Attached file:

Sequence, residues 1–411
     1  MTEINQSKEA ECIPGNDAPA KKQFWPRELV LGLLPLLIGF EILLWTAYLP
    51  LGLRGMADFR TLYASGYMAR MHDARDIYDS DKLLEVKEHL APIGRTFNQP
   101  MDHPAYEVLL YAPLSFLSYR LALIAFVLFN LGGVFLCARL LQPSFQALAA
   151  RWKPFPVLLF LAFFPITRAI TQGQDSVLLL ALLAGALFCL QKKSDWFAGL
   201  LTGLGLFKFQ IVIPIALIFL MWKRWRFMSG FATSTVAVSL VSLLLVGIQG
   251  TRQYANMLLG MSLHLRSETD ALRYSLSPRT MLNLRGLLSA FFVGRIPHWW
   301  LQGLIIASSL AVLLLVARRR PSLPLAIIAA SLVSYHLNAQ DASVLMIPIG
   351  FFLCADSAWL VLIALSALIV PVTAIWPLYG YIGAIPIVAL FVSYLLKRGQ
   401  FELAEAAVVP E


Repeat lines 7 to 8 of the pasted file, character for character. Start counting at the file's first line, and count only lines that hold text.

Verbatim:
   251  TRQYANMLLG MSLHLRSETD ALRYSLSPRT MLNLRGLLSA FFVGRIPHWW
   301  LQGLIIASSL AVLLLVARRR PSLPLAIIAA SLVSYHLNAQ DASVLMIPIG